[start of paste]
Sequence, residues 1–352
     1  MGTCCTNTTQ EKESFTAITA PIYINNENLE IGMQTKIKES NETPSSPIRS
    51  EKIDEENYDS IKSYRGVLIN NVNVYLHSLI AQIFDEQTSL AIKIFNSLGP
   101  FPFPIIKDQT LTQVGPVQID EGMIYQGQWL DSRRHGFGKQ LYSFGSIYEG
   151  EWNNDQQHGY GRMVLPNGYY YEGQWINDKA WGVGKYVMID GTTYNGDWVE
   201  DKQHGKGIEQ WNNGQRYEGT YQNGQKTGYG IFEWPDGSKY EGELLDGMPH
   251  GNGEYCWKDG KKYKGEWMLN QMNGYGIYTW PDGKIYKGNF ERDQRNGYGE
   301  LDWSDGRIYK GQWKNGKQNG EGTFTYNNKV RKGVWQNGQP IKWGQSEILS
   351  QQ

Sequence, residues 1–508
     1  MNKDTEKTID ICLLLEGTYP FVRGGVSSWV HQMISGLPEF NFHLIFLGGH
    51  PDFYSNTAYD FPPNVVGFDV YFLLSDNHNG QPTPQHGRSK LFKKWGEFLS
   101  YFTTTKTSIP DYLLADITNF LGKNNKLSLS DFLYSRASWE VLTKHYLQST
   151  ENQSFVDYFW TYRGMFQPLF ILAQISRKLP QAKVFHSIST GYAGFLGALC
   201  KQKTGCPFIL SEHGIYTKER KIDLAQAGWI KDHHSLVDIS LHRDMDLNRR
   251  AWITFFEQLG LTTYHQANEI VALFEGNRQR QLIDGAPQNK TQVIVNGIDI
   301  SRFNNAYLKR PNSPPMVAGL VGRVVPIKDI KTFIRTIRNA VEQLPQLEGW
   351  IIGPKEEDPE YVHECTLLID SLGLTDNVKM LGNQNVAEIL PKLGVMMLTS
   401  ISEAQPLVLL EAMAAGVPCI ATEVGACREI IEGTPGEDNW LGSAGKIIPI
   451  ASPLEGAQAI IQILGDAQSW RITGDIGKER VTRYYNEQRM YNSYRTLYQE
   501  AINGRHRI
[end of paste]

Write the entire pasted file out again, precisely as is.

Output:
Sequence, residues 1–352
     1  MGTCCTNTTQ EKESFTAITA PIYINNENLE IGMQTKIKES NETPSSPIRS
    51  EKIDEENYDS IKSYRGVLIN NVNVYLHSLI AQIFDEQTSL AIKIFNSLGP
   101  FPFPIIKDQT LTQVGPVQID EGMIYQGQWL DSRRHGFGKQ LYSFGSIYEG
   151  EWNNDQQHGY GRMVLPNGYY YEGQWINDKA WGVGKYVMID GTTYNGDWVE
   201  DKQHGKGIEQ WNNGQRYEGT YQNGQKTGYG IFEWPDGSKY EGELLDGMPH
   251  GNGEYCWKDG KKYKGEWMLN QMNGYGIYTW PDGKIYKGNF ERDQRNGYGE
   301  LDWSDGRIYK GQWKNGKQNG EGTFTYNNKV RKGVWQNGQP IKWGQSEILS
   351  QQ

Sequence, residues 1–508
     1  MNKDTEKTID ICLLLEGTYP FVRGGVSSWV HQMISGLPEF NFHLIFLGGH
    51  PDFYSNTAYD FPPNVVGFDV YFLLSDNHNG QPTPQHGRSK LFKKWGEFLS
   101  YFTTTKTSIP DYLLADITNF LGKNNKLSLS DFLYSRASWE VLTKHYLQST
   151  ENQSFVDYFW TYRGMFQPLF ILAQISRKLP QAKVFHSIST GYAGFLGALC
   201  KQKTGCPFIL SEHGIYTKER KIDLAQAGWI KDHHSLVDIS LHRDMDLNRR
   251  AWITFFEQLG LTTYHQANEI VALFEGNRQR QLIDGAPQNK TQVIVNGIDI
   301  SRFNNAYLKR PNSPPMVAGL VGRVVPIKDI KTFIRTIRNA VEQLPQLEGW
   351  IIGPKEEDPE YVHECTLLID SLGLTDNVKM LGNQNVAEIL PKLGVMMLTS
   401  ISEAQPLVLL EAMAAGVPCI ATEVGACREI IEGTPGEDNW LGSAGKIIPI
   451  ASPLEGAQAI IQILGDAQSW RITGDIGKER VTRYYNEQRM YNSYRTLYQE
   501  AINGRHRI